PS2-TuP-10 Silicon Surface Treatment of Contact Hole in Memory Device by Downstream Plasma
C.W. Kim, C.W. Lee, H.B. Seo, K.T. Kim, J.K. Yang (PSK-inc, Korea)
Silicon surface of contact hole has been treated by fluorine based plasma using downstream type ICP source. Silicon etch rate and uniformity had been investigated on 12 inch blanket wafer as a function of process parameters. The profile of etch rate map is changed from center high to edge high etch rate tendency by controlling total gas flow rate and this make it possible to control etch uniformity. The etch selectivity of silicon to silicon nitride, as SAC barrier material, is studied with the various gas mixture ratio of feed stock gas. Commonly higher etch selectivity is obtained under the high silicon etch rate condition due to the difference of etch characteristics between silicon and silicon nitride film but higher selectivity more than 7:1, silicon to nitride, can be achieved over wide range of silicon etch rate by adjusting gas mixture ratio. Finally, the etch uniformity and etch profile of bit line contact and storage node contact hole is examined by TEM on 12 inch whole pattern wafer.
PS2-TuP-11 The Behavior of Polymer Film Deposition during Etching the Oval Contact Holes
S.-I. Cho (Samsung Electronics Co. LTD, South Korea); S. Lim (Samsung Electronics Co. LTD, Korea); H. Baik (Samsung Advanced Institute of Technology, Korea); Y. Lee, C.-J. Kang, H. Cho, J.-T. Moon (Samsung Electronics Co. LTD, Korea)
Recently, the distorted pattern transfer during the high aspect ratio contact etching process has been reported. The reason of the deformation seems to be the result of non-uniform polymer deposition and/or the deflection of ion trajectory. This study is intended to clarify the behavior of the polymer deposition and its effect on the pattern deformation. The thickness of the polymer films on the sidewall of oval holes after etching was measured by cross-sectional TEM and SEM. The samples with carbonic masking layer were prepared after etching with C4F6, Ar, and O2 chemistry. The aspect ratio of the holes was 15. The thickness of the deposited film is variable with respect to the shape and the position of the holes. A thicker film is deposited along the sidewall of the shorter axis of the oval pattern than the sidewall of the longer axis at the middle of the holes. However, a thinner film is deposited along the sidewall of the shorter axis at the opening of the holes. This difference of film thickness can be explained by the behavior of sputtered masking materials and the randomly moved polymer radicals. The differently deposited films on the sidewall of the holes result in the deformation of the transferred pattern. Different film thickness at the opening produces the asymmetric local electrical field. The electric field results in bending the ion trajectory to the longer axis. Because of the ion accumulation, the profile in the longer open axis becomes more vertical. Moreover, the thicker film on the sidewall of shorter axis at the middle of the holes prevents from etching the sidewall. Therefore, transferred patterns in the bottom of the holes become more oval shaped than patterns in the masking layer.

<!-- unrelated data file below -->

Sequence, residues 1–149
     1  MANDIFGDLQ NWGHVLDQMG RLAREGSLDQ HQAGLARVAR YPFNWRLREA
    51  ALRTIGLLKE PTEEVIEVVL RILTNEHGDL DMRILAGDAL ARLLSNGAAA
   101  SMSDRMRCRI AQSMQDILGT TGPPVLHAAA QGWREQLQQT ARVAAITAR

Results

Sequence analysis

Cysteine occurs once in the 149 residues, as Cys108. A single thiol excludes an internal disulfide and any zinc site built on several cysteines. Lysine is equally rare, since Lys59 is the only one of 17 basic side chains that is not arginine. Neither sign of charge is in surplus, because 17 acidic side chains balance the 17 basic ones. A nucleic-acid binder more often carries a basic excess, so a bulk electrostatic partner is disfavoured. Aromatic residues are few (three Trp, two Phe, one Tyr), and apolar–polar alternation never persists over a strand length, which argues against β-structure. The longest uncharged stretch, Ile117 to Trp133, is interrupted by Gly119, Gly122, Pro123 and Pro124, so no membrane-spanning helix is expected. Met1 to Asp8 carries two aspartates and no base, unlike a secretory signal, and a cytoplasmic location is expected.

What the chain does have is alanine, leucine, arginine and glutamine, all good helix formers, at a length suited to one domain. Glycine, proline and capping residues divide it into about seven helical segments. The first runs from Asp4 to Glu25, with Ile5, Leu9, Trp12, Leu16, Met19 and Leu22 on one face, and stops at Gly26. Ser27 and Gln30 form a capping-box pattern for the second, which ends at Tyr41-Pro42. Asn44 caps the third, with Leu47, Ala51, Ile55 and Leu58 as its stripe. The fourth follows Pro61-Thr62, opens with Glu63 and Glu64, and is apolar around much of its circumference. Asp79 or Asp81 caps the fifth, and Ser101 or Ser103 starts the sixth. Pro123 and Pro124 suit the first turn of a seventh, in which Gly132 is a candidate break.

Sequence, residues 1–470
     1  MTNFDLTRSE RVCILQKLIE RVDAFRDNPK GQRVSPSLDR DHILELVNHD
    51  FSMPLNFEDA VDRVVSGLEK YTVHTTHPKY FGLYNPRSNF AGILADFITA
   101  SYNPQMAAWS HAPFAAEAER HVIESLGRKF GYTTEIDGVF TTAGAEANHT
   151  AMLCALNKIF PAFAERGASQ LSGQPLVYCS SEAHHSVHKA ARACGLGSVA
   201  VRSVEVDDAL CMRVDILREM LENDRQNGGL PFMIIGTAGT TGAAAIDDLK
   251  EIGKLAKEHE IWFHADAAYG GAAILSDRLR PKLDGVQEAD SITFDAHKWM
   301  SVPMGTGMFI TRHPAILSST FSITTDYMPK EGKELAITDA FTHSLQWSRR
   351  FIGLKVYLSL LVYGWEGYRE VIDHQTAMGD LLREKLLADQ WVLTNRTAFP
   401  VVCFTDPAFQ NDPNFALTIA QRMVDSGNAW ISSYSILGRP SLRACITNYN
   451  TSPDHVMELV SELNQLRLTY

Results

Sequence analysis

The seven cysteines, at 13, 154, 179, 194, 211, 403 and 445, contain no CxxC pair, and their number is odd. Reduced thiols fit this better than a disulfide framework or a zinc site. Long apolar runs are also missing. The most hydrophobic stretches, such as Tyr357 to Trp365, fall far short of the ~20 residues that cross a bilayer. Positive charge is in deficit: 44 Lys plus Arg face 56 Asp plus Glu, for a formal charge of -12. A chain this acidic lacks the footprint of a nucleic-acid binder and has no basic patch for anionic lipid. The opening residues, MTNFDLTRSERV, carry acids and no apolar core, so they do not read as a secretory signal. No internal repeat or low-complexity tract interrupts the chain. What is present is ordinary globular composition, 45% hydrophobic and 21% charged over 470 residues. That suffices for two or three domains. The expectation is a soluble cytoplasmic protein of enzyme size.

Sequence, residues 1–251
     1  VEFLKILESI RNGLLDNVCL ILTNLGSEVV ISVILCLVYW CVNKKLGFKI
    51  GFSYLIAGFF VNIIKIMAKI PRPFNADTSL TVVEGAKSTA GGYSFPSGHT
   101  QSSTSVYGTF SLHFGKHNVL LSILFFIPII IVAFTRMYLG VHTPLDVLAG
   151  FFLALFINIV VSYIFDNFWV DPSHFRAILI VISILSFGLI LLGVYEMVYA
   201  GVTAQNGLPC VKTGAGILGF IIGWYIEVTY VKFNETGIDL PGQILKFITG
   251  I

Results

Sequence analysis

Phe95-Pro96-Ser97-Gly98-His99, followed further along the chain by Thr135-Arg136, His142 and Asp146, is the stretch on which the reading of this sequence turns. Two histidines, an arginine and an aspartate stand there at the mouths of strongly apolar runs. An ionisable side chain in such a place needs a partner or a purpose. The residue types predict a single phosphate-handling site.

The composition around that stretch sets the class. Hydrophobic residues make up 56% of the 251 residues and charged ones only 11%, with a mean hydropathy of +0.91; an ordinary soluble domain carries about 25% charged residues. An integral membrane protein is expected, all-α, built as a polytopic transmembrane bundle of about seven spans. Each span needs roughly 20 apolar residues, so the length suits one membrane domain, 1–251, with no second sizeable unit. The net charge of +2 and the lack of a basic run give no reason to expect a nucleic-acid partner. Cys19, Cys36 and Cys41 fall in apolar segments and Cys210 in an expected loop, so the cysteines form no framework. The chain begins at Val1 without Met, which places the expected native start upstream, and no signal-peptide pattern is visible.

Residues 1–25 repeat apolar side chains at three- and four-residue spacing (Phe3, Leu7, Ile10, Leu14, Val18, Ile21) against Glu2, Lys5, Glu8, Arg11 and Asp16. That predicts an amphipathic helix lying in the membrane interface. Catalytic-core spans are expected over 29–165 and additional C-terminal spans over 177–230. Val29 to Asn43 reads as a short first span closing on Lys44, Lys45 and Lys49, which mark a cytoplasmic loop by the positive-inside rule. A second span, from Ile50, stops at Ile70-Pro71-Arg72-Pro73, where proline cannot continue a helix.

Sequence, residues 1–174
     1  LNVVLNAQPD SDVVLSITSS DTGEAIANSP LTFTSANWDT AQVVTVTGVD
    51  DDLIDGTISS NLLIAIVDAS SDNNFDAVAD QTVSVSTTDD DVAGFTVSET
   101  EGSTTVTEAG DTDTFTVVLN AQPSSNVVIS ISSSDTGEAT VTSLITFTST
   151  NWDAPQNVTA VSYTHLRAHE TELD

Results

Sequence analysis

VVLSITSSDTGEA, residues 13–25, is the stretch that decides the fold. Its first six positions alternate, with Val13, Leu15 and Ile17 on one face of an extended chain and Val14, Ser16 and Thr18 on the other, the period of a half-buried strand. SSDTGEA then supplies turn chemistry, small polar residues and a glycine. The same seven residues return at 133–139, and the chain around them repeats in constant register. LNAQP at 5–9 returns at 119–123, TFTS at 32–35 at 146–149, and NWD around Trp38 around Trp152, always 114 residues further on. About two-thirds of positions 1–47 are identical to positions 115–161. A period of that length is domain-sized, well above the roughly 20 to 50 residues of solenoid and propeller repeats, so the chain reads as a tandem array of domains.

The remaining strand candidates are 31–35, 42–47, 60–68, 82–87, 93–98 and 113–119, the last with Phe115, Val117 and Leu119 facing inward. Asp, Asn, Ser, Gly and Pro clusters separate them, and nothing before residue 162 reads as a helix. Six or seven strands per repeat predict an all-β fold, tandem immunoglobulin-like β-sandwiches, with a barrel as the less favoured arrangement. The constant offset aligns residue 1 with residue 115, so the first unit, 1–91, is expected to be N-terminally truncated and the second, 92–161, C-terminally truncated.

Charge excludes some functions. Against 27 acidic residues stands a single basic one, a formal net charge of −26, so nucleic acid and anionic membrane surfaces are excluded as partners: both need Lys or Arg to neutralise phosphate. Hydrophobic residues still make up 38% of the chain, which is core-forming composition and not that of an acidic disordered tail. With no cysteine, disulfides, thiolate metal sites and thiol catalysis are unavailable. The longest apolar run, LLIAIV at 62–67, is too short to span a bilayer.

PS2-TuP-12 Empiric Study on the Effects of Two Different Film Stack Approaches on Gate Etching in Typical High-Density Plasma for Advanced Embedded Logic & Flash Systems
S. Sciarrillo (STMicroelectronics, Italy)
Advanced Embedded logic & flash memory systems (120nm and below) requires necessarily new and complex solutions in terms of process integration. An empiric study on the effects of two different film stack approaches on gate etching in typical high-density plasmas will be discussed in this paper. Profile evolution of a high aspect ratio dense pattern could change in significant way if between photoresist (193nm) and polysilicon a thin oxide layer has (or not) been grown by a previous oxidation. In the top-poly oxidation approach, for the first time, evident notching at the middle height of the structure (not at the bottom as typically known) has been seen; the observed phenomenon depends on the pattern density and the electrical connection status of the polysilicon lines. An extensive morphological analysis has been performed and the results suggest the presence of three correlated effects during the etching: a) electron shading; b) resist bending (depending on the local charging of the neighboring surfaces); c) notching mechanism.1 Dependence on the aspect ratio (different resist thickness) and on the film stack (w/wo top oxidation) has been empirically characterized. A Process window on the different etching steps has permitted to identify the strategy to reduce substantially the morphological issues, e.g. towards a straight gate profile. Achieved results are consistent with the electron shading effect, notching theory and with the relationship between the resist thermo-physical properties (Tg) and its thickness.2